“But he went off them when they mimed to backing tapes!
“Rick Buckler from The Jam was there and Laurence Archer from Hughie Lewis was brought in by limousine by Chic Farquhar.
“Anybody who knew Chic Farquhar back then will probably agree he would have been better qualified as a boxing promoter!
“It was all a bit bizarre to be honest, it’s not often Thomson Park is mentioned in the same story as Wembley Stadium but fair play to him and the rest of the organisers.
“They did manage to pull a decent crowd and raised a good amount of money for Sir Bob.”
Was Live Aid the greatest gig of all time?
“It’s 12 noon in London, 7am in Philadelphia, and around the world it’s time for Live Aid!”
With these words, the British broadcaster Richard Skinner opened Live Aid on July 13 1985.
The dream of the benefit concert was to raise money for victims of famine in Ethiopia.
A BBC news report in October 1984 by Michael Buerk, who described the situation in Ethiopia as a “biblical famine”, inspired musician Bob Geldof to organise and release charity single Do They Know It’s Christmas?
He worked his way through his address book, starting with the most-famous first to maximise sales, and they all agreed to give their time for free, as did the studio, although the recording had to be finished in 24 hours.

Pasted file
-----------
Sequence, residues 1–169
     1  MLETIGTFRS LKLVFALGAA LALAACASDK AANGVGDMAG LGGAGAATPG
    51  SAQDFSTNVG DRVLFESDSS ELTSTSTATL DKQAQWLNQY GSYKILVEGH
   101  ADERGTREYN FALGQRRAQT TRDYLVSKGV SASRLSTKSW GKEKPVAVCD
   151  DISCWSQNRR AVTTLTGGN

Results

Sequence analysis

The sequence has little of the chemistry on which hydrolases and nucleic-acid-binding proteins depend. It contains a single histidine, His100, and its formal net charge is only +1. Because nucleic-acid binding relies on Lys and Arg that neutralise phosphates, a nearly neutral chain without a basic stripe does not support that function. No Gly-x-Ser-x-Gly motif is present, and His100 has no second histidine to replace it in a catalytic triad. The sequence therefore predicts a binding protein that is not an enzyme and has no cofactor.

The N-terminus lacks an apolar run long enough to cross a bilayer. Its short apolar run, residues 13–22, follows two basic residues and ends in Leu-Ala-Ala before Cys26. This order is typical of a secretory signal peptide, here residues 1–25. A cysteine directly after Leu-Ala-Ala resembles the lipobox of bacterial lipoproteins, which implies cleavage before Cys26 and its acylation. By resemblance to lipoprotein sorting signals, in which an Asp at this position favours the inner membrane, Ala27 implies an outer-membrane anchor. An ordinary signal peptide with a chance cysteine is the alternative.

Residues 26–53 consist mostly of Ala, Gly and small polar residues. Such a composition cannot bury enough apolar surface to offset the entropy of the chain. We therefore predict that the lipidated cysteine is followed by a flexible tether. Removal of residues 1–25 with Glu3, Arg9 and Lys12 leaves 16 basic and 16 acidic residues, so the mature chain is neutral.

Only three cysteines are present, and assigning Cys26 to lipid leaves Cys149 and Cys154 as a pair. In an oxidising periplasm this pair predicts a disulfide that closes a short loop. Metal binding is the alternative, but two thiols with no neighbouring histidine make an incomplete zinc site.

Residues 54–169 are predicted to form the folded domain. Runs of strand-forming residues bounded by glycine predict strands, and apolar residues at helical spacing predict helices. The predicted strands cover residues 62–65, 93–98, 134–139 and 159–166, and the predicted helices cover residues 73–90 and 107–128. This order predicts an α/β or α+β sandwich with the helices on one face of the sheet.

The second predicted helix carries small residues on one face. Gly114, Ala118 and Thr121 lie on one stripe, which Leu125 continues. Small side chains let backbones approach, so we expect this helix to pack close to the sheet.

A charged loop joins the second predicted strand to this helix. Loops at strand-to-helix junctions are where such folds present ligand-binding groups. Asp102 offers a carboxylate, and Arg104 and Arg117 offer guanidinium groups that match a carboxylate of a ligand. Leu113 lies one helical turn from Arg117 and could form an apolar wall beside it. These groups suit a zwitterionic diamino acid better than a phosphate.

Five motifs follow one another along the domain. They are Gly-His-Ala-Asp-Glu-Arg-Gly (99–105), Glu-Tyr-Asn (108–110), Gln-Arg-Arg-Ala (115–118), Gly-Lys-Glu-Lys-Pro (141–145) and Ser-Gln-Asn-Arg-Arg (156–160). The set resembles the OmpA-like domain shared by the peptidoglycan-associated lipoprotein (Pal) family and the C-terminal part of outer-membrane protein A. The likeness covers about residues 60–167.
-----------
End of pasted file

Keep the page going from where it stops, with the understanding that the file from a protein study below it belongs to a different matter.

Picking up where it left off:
The song, released by Band Aid, in December 1984 became the biggest-selling single of the time, raising £8m.
That December, while the song was number 1 in the charts, Culture Club were on a UK tour, which culminated in six sold-out nights at Wembley Arena.
On the final night, December 22, an impromptu gathering of stars from Band Aid joined Boy George and his group on stage at the end of the concert for an encore of Do They Know It’s Christmas?
George was so overcome by the occasion and the reaction to the rendition that he called Geldof and told him they should consider organising a concert.
Geldof said at the time: “If George is organising it, you can tell him he can call me at any time and I’ll do it.
“It’s a logical progression from the record but the point is you don’t just talk about it, you go ahead and do it!”
It’s clear Boy George’s call had got Geldof thinking, and he’d already come up with the notion of transatlantic concerts, and how it should be structured.
From there, Live Aid was born.
Miraculously put together by Bob Geldof and Midge Ure, with funds going to aid famine relief, it kicked off with the Coldstream Guards’ Royal Salute.
Another Queen, of course, would be among the highlights, Freddie Mercury and pals being at the peak of their powers.
They managed, somehow, to fit a whole concert into just a handful of songs, starting with a shortened Bohemian Rhapsody, straight into Radio Ga Ga and their thunderous new single Hammer To Fall.
Crazy Little Thing Called Love was rocky enough for even the Queen-haters to enjoy, and We Will Rock You and We Are The Champions were tailor-made for such a huge event in front of a vast crowd.
From Status Quo to the Style Council, the Boomtown Rats to U2, David Bowie, Elton John and Paul McCartney, it was a day you couldn’t take your eyes off the telly.
A lifelong activist, Live Aid wasn’t Geldof’s first charity involvement, as in 1981, he’d performed as a solo artist for Amnesty International’s benefit show The Secret Policeman’s Other Ball.
Since the turn of the millennium, Geldof has devoted much of his time to campaigning for debt relief for developing countries, getting together with Midge Ure in 2005 to organise the Live 8 concerts.